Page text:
May was a month that brought one big story, a whole lot of handy little local links, and some continued twiddling of thumbs as we wait for solid updates on key projects to make biking better around the city. Read on to find out which projects have moved ahead, which are about to leap back to life, and which we’re still giving a very hard stare…


Skypath 2.0

The big story of May was the NZ Transport Agency’s announcement of its preferred design for the Auckland Harbour Bridge shared path. This fulfils a promise by the government to take on and fund the project, giving certainty at last.

Because it attaches to the piers rather than being clipped onto the clip-ons, it allows for more width, sturdiness, and accessibility. All good news.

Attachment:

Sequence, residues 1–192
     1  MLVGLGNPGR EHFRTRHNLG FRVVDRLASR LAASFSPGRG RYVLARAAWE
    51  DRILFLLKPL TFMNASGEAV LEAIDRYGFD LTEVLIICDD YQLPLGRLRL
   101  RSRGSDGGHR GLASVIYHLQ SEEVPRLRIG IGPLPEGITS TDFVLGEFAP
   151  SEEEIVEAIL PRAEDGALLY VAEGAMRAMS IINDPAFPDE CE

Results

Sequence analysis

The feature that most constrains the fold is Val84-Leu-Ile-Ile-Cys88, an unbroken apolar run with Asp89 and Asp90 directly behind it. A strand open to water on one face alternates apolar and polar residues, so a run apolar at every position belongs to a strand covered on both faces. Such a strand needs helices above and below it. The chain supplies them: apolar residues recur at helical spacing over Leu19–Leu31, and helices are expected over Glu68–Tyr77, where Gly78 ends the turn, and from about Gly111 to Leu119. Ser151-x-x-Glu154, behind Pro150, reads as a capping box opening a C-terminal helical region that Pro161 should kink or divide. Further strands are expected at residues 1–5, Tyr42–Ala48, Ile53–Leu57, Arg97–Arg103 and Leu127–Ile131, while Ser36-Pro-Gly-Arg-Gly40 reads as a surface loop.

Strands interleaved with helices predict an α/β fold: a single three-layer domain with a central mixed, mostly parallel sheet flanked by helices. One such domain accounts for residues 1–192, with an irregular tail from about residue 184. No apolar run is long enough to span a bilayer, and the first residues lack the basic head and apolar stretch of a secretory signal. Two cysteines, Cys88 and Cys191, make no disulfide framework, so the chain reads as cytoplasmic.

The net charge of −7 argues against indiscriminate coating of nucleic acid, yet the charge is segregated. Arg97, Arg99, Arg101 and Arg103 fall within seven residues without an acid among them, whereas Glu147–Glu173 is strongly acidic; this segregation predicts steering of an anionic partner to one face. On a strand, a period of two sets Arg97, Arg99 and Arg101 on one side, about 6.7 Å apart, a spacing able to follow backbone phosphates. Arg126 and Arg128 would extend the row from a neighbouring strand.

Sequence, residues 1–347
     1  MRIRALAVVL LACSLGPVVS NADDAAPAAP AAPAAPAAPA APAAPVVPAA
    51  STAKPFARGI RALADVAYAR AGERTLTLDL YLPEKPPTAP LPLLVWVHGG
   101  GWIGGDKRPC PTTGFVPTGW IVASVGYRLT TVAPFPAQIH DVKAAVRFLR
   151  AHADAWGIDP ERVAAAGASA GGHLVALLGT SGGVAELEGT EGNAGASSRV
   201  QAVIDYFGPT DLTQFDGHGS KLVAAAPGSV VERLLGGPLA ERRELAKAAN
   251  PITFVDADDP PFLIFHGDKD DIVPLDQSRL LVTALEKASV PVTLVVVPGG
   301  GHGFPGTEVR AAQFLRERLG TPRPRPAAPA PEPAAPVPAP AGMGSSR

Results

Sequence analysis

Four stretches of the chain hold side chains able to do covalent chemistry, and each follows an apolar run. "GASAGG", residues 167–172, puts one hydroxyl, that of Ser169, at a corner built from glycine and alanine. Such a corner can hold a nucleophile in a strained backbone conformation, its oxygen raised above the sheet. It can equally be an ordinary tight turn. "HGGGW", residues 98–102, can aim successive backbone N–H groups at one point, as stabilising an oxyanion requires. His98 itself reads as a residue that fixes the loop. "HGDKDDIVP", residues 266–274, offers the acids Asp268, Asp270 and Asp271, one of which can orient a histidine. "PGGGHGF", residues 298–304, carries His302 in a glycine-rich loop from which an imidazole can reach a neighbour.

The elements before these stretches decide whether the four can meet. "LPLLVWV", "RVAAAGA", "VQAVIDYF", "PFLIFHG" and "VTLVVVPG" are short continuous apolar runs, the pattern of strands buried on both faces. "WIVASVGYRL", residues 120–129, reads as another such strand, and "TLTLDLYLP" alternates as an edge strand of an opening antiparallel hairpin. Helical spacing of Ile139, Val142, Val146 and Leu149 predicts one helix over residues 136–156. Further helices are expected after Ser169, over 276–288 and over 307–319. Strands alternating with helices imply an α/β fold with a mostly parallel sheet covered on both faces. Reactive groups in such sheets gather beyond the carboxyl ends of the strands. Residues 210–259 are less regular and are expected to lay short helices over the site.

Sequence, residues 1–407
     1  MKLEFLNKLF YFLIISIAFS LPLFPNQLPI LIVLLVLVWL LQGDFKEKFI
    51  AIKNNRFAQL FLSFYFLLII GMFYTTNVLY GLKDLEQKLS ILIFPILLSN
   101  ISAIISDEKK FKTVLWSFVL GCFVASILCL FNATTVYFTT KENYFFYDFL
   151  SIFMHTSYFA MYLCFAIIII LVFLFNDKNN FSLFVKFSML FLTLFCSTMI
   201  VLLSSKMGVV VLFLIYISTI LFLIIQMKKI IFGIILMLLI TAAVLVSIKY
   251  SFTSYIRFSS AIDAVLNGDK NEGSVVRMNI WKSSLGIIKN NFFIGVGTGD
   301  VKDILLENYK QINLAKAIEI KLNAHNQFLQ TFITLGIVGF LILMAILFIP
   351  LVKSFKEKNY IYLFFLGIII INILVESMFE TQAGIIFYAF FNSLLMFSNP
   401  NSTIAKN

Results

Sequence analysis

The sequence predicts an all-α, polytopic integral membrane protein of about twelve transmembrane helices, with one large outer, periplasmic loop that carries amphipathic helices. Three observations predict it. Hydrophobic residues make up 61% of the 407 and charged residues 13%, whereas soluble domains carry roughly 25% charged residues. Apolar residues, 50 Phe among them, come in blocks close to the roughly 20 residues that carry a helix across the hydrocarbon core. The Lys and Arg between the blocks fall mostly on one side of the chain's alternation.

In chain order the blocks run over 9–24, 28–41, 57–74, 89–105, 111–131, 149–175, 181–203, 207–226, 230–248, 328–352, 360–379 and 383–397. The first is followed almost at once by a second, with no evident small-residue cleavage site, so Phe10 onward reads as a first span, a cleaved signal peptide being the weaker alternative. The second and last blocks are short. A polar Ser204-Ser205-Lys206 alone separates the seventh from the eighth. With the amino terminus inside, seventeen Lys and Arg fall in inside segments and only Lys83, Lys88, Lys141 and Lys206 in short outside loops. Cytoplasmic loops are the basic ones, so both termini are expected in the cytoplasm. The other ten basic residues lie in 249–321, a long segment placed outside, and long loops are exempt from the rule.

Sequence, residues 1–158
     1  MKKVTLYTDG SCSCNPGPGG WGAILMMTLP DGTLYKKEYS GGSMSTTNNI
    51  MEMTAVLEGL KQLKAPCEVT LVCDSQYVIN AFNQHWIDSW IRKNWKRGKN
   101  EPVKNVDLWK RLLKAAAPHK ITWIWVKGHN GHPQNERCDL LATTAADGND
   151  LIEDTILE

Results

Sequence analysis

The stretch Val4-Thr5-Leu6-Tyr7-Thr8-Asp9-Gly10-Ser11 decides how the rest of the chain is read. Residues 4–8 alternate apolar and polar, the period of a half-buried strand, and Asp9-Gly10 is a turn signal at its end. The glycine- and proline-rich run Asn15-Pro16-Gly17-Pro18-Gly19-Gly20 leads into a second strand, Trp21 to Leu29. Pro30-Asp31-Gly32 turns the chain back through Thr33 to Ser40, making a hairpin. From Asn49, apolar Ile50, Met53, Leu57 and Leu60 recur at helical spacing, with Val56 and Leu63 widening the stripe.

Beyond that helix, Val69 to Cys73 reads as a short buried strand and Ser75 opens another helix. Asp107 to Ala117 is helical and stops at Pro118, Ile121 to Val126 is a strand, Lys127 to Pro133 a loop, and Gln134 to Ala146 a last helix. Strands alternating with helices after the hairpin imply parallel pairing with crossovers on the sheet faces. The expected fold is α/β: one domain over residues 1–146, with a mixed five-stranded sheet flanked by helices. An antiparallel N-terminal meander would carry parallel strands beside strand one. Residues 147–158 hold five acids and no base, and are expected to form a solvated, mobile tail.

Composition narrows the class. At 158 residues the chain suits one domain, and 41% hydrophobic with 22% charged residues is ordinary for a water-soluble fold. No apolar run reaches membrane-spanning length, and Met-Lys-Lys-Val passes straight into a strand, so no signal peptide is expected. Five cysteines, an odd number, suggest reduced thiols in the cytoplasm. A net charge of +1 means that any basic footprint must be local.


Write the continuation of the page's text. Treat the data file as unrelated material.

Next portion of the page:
Two questions on everyone’s lips now: when will it be built? This depends on whether the existing resource consent can be used with a variation of consent conditions. And, given that the new design rests firmly on the shoulders of a decade of hard yards by the Skypath team, how will those loose ends bed tied up? We’ll let you know once we know more on both scores.

Image of the proposed pathway across the Auckland Harbour Bridge (Artist’s impression, NZTA, 22 May 2019)

Karangahape Road

One piece of good news here: a contractor has been engaged, JFC (that’s the name of the contractor, John Fillmore Contracting, not an exasperated interjection!). Still no confirmed start date; AT says it won’t be before July.

Just gonna keep posting this artist’s impression of K Road until we have some shovels in the ground. Eyes on the prize!

Carrington Road Crossing